The aim of our study was to determine whether type 2 diabetes mellitus, without retinopathy or with mild retinopathy, was associated with thinning of the RNFL. Patients with the disease were compared to normal subjects of the same age and sex, having excluded any predisposing or risk factors for glaucoma. RNFL thickness was measured by scanning laser polarimetry (SLP) using software to make our results comparable to those of previous studies.

Moreover, we analyzed the data to demonstrate whether such impairment of the RNFL correlated with the stage of diabetic retinopathy and other diabetic parameters (insulin therapy, duration of diabetes, age, and glycosylated hemoglobin [HbA1c]) as well as ocular parameters (normal intraocular pressure [IOP], cup to disc [C/D] ratio, and central corneal thickness [CCT]). To our knowledge, this is the first time that multivariate analysis was used for this purpose. Lastly, in the presence of RNFL thinning, we examined whether this finding was more prominent on the upper or lower half of the retina.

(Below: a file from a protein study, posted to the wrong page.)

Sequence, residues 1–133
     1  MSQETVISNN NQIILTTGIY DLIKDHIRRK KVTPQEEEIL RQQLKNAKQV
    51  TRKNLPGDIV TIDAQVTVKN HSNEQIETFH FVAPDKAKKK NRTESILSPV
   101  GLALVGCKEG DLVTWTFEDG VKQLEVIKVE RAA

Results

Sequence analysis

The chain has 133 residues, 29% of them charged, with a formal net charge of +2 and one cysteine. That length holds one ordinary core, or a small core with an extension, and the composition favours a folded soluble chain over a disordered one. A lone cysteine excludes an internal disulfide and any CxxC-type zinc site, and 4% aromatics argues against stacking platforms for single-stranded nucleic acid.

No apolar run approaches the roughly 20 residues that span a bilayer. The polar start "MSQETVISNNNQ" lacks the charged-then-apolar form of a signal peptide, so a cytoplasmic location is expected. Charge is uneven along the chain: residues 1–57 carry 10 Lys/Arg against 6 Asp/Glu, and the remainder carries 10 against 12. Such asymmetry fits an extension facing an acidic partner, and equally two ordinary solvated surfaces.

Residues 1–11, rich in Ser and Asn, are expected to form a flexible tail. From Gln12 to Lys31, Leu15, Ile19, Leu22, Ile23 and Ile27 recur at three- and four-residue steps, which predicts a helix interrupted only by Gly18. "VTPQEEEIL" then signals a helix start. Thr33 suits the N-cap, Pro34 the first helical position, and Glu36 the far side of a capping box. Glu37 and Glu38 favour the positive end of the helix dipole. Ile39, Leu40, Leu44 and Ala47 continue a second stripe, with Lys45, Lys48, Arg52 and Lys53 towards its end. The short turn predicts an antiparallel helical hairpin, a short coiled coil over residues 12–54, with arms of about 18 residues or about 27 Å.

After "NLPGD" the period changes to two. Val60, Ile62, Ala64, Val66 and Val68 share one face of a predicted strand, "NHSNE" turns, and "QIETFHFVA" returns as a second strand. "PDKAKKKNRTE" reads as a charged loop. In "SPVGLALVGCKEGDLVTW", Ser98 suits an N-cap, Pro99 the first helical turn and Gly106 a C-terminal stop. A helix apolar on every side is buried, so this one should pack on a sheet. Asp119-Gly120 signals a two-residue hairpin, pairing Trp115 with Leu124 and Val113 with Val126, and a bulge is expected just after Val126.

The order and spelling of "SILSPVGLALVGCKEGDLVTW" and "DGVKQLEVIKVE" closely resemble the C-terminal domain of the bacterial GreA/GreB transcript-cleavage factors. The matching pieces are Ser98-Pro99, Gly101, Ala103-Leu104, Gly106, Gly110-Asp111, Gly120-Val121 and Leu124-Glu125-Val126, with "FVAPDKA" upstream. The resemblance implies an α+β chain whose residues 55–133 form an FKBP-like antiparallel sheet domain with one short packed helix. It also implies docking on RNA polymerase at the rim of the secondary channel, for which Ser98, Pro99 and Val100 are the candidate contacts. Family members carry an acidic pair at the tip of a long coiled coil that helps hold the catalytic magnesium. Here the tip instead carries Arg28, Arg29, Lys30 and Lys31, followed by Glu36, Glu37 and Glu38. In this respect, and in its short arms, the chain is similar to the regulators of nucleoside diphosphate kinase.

Materials and methods

This was a prospective, noninvasive, case series study comprising 51 diabetic patient participants. These patients were selected among diabetics who were attending the Diabetic Retinopathy Clinic (2nd Ophthalmology Department of Attikon University Hospital in Athens, Greece) within a period of 6 months (March 2011 to September 2011).

Selection criteria included the presence of type 2 diabetes mellitus for more than 5 years, either without retinopathy or associated with mild retinopathy. The definition of mild diabetic retinopathy was based on the Early Treatment Diabetic Retinopathy Study (ETDRS) criteria.4 The exclusion criteria included the following: